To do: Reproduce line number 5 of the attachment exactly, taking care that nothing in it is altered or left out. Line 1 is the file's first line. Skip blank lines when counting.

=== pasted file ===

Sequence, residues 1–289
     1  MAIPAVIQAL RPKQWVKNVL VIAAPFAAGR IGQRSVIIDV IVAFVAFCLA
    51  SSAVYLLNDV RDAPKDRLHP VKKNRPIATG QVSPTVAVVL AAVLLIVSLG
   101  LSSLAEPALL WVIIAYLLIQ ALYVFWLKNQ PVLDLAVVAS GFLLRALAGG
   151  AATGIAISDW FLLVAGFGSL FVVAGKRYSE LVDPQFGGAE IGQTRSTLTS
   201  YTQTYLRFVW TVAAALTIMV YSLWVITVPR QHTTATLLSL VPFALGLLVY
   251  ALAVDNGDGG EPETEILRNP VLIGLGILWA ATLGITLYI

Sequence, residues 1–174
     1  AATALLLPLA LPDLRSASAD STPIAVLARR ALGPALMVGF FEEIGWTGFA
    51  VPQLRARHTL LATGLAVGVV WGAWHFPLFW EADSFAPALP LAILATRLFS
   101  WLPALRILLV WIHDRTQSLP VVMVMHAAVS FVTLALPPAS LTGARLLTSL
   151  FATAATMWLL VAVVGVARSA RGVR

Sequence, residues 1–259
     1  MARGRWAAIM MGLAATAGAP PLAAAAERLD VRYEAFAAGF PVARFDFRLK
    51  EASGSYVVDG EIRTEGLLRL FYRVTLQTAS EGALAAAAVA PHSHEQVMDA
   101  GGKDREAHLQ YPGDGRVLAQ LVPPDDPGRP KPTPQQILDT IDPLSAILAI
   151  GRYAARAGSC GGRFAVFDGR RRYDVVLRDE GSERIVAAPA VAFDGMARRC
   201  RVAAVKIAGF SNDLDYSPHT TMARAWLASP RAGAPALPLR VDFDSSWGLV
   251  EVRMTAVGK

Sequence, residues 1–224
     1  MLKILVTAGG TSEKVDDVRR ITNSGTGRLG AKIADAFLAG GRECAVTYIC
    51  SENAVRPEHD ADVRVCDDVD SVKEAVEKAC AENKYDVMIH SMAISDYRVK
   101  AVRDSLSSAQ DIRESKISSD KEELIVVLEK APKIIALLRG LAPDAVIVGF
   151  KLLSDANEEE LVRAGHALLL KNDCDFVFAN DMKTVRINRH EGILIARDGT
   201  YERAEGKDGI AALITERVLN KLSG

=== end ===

   151  AATGIAISDW FLLVAGFGSL FVVAGKRYSE LVDPQFGGAE IGQTRSTLTS